For many centuries, there has been an unwarranted narrowing of the purposes and intentions of the sacraments. The sacraments have come to be seen purely in relation to individual salvation. But the sacraments have multiple purposes and intentions. In terms of individual salvation, they cannot be said to operate "automatically," but this is not all that is going on in the sacraments. Conferring grace to individual members of the Church is not the only end for which the sacraments were instituted.

The Supper is not only a means by which individual members are joined more closely to Christ, but also a means by which the Church manifests herself as One Body: We are One Body because we partake of One Loaf (1 Corinthians 10:17). Whenever the Supper is celebrated, the Church objectively and automatically manifests this unity — simply by virtue of performing the rite of the Supper. This ritual testimony to unity may be belied by the way members of the Church actually treat each other, but eve n here the Supper is not without its effect: it issues a rebuke and an invitation to repentance, which may, to the shame of the members, be ignored. Every time the Church drinks wine in the presence of God, she testifies that she has entered into the New Covenant Sabbath in Christ (compare Leviticus 10:8-11). Every time the Church celebrates the Supper, she manifests in a temporary and imperfect manner the festival form of the new heavens and the new earth, the perfected kingdom of God (Matthew 8:10-12).

The same kinds of thing may be said of baptism. Fears of baptismal regeneration have made Protestants reluctant to attribute any efficacy whatsoever to baptism. As with the Supper, this reluctance arises from too narrow a view of the purposes and ends of baptism. Aquinas called baptism (along with ordination and confirmation) a deputation to a certain function in the worship of God. In Reformed theology, baptism is the watery gateway to the church. Whoever is duly baptized is a member of the church, the royal priesthood, by virtue of the fact that he is baptized. He may prove himself a Hophni or a Samuel, but there is no doubt that he has been deputized to play a role in the worship of God. Baptism not only is effective for membership in the visible Church, but it also "automatically" manifests the "shape" of the Church and its position over against the world. Every time someone is baptized, the Church says that something is radically wrong with the world, so radically wrong that only death and rebirth can correct it. Every time an infant is baptized, moreover, the Church testifies that she is a community where the weak and helpless may find security, where the broken and ill may find brotherhood.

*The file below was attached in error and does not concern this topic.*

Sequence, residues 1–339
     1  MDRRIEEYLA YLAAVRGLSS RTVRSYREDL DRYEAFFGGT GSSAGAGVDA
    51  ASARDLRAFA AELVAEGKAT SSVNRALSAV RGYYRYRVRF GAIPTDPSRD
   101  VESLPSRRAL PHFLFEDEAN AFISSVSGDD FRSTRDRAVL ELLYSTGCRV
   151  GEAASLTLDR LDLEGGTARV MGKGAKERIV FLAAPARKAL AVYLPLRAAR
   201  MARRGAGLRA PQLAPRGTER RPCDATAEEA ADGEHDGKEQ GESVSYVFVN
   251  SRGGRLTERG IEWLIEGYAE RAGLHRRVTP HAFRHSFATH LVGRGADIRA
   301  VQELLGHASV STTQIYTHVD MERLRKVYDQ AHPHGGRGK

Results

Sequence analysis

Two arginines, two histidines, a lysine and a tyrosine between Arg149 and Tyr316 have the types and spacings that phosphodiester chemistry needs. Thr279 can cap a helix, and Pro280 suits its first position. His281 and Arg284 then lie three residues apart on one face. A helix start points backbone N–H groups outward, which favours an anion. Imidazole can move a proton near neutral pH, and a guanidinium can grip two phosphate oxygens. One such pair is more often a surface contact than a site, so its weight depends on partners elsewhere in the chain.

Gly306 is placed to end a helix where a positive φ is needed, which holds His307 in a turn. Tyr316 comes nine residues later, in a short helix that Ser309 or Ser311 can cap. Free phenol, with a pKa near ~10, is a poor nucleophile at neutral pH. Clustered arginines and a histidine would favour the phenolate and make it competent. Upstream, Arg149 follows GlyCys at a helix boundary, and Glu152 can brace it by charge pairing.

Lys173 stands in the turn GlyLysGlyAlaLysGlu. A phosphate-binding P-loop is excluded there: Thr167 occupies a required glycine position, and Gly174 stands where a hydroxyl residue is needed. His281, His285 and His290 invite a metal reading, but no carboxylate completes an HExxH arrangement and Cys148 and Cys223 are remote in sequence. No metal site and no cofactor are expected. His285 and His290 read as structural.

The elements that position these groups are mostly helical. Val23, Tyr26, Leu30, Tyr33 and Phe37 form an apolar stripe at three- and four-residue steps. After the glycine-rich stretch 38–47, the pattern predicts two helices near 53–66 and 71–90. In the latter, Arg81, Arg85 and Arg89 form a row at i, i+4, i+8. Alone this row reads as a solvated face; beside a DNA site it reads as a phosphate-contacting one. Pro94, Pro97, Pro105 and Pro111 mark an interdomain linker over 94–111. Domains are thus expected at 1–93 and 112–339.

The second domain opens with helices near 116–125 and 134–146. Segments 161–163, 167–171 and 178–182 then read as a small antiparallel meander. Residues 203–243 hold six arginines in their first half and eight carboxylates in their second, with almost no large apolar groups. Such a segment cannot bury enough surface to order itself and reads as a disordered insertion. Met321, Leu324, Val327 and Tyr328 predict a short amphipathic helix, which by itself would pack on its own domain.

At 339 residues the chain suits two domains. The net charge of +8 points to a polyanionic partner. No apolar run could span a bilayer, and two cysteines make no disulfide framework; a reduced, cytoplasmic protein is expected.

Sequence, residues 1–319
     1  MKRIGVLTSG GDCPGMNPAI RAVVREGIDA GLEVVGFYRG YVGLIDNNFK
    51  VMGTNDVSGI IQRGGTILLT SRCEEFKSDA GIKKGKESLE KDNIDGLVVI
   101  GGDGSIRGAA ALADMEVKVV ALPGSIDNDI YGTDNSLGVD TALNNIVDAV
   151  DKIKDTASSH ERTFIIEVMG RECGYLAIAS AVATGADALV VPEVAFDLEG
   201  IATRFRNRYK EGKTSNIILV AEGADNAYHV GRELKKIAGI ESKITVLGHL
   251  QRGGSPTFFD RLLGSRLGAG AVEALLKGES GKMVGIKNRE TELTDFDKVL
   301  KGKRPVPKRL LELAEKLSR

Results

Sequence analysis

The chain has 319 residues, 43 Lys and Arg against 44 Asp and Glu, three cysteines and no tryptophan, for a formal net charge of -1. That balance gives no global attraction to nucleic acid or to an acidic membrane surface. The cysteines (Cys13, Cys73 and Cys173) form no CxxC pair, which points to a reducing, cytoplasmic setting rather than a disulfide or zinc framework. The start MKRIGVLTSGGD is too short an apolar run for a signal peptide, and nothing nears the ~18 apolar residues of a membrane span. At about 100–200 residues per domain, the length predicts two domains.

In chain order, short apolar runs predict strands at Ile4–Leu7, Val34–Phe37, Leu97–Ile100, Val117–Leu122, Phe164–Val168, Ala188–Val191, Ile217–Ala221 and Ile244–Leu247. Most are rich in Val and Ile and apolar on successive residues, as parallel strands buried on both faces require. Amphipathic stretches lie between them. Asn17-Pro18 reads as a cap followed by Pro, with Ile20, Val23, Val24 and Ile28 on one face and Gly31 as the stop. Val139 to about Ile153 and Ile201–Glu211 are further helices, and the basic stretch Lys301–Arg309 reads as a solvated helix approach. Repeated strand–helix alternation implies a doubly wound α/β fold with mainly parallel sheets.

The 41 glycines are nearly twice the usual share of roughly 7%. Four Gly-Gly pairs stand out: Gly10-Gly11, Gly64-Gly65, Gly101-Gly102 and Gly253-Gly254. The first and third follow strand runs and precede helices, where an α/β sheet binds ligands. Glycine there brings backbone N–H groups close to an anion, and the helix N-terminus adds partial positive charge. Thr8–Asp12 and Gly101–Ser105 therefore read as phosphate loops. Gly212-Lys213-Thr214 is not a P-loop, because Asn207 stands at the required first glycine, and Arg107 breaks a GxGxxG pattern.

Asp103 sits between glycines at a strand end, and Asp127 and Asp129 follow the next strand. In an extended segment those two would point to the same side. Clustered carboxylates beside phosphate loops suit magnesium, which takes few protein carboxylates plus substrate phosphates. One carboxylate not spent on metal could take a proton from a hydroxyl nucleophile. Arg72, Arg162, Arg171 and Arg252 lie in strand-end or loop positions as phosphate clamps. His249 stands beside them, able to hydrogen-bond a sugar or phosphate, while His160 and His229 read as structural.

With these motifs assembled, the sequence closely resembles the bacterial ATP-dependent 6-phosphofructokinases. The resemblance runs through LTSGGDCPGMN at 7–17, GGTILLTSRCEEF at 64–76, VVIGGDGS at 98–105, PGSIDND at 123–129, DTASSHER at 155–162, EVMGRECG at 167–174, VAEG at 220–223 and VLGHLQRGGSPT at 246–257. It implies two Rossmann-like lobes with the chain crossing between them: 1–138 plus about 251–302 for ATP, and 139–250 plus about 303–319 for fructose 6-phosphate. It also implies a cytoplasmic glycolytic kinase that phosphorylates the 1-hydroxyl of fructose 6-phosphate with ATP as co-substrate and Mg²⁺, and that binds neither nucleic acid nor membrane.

In these important ways the sacraments are "efficacious," and may even be said to work ex opere operato.

copyright © 1998

Peter Leithart is an ordained minister of the Gospel in the Presbyterian Church in America. He received an A.B. in English and History from Hillsdale College in 1981, and a Master of Arts in Religion and a Master of Theology from Westminster Theological Seminary in Philadelphia in 1986 and 1987, respectively. In 1998 he received his Ph.D. at the University of Cambridge in England. He is Senior Fellow of Theology and Literature and Librarian at New Saint Andrews College. He has written many books on theology, the Bible, and literature. His dissertation on baptism will soon be published.

1 Comment »

  1. Again, I can hear m….er, his wife saying, “Yes, but initiation into the church does not mean salvation ‘a se'”. The rebuttal still hinges on whether we may say anything about the pleb immediately post baptism. So that subsequent faithfulness (years later for infants) is the litmus test.

    Comment by BlackNTanInTheAM — February 9, 2008 @ 4:30 pm